Welcome to a new series of articles, where I’m going to be blogging around the interviews and topics featured in my new podcast Listen Up. Today’s topic is Student Media.

Whether you’re interested in a career as journalist or you want to be a teacher, just have a read. Even if you’re already a graduate, you can start broadcasting, writing or filming on your own and trust me it’ll pay off!

‘I searched for societies which I’d enjoy, but could provide skills and eventually lead to increased employability’

The whole point of university is to enhance your future. Not content with just doing my degree, I wanted to do something extra to set myself apart. So I searched for societies which I’d enjoy, but could provide skills and eventually lead to increased employability. After a couple of months, I found Student Media and I’ve never turned back.

Some people might not know what ‘Student Media’ is, so let me introduce you. The clue is in the name; they’re radio, tv & press organisations run by students. They give students immediate access to what the media industry is like and enable them to create. But what they’re best at is developing skills in people, be it: teamwork, elocution (speech), confidence, leadership, responsibility or even literacy. The list is truly endless.

‘The skills you develop in Student Media are useful in every career and route of employment’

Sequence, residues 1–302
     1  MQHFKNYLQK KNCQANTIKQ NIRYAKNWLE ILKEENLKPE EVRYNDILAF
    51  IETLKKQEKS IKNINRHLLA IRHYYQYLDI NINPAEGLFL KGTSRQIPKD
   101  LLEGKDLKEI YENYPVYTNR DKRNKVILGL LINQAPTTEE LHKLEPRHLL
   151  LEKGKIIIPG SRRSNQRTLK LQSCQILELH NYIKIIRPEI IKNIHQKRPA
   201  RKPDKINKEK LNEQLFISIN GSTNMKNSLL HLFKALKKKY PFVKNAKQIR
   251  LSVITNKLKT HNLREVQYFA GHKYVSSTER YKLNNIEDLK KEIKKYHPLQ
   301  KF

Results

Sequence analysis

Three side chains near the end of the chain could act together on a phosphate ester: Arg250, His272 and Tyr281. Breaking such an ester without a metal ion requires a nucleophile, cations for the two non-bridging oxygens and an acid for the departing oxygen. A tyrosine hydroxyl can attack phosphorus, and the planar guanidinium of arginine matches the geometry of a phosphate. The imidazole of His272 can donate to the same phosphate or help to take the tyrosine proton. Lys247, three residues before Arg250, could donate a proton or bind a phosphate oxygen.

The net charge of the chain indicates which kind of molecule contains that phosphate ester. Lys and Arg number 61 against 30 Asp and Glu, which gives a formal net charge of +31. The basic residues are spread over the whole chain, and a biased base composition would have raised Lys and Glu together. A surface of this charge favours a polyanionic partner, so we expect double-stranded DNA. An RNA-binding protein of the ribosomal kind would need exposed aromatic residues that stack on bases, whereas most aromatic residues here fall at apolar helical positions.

Student Media is the best activity, hobby or society, I’ve ever got involved with and it’s done a lot for me in all aspects of my life. The thing people fail to realise, is that the skills you can develop in Student Media are useful in every career and route of employment. Working in a team for an extended period of time, with people you like and dislike, helps you prepare for the workplace and becoming more comfortable speaking under pressure makes job interviews easy.

But with all this said, I decided to enlist the help of several prominent media members and ask them their thoughts.

‘Student Radio is crucial’

Dan Walker, BBC Breakfast & MOTD presenter (11:17).

“Whenever I go to speak to students in University or higher education I tell them that work experience is essential. But not just recognised places such as newspapers or local radio stations.”

“But Student Radio is crucial because it’s a great opportunity to find your feet, make your mistakes and I think you can really hone some skills there.”

“It really was an essential breading ground, for me going into radio and TV.  Your employer is far more likely to look at you, if they can look at you and see you’ve got off our backside and done something. It instantly looks different to a lot of people.”

Alexander Amrstrong, presenter on Pointless & Have I Got News For You (17:00). “Unquestionably (student media) is an amazing first step. Any kind of media experience is so valuable, because you leave university and you’ve developed a love for something.”

“You’ve already developed an access into something, so everybody is going to be interested when your CV lands on someone’s desk. It’s something you’ve volunteered to do and done of your own back, so it shows an enthusiasm.”

The full interviews can be found in the player embedded below.

Hopefully what’s clear is that, student media is a well trodden route to success. I always try to increase my odds and you should too. Just give any sort of media ago. What’s the worst that could happen, you get a job?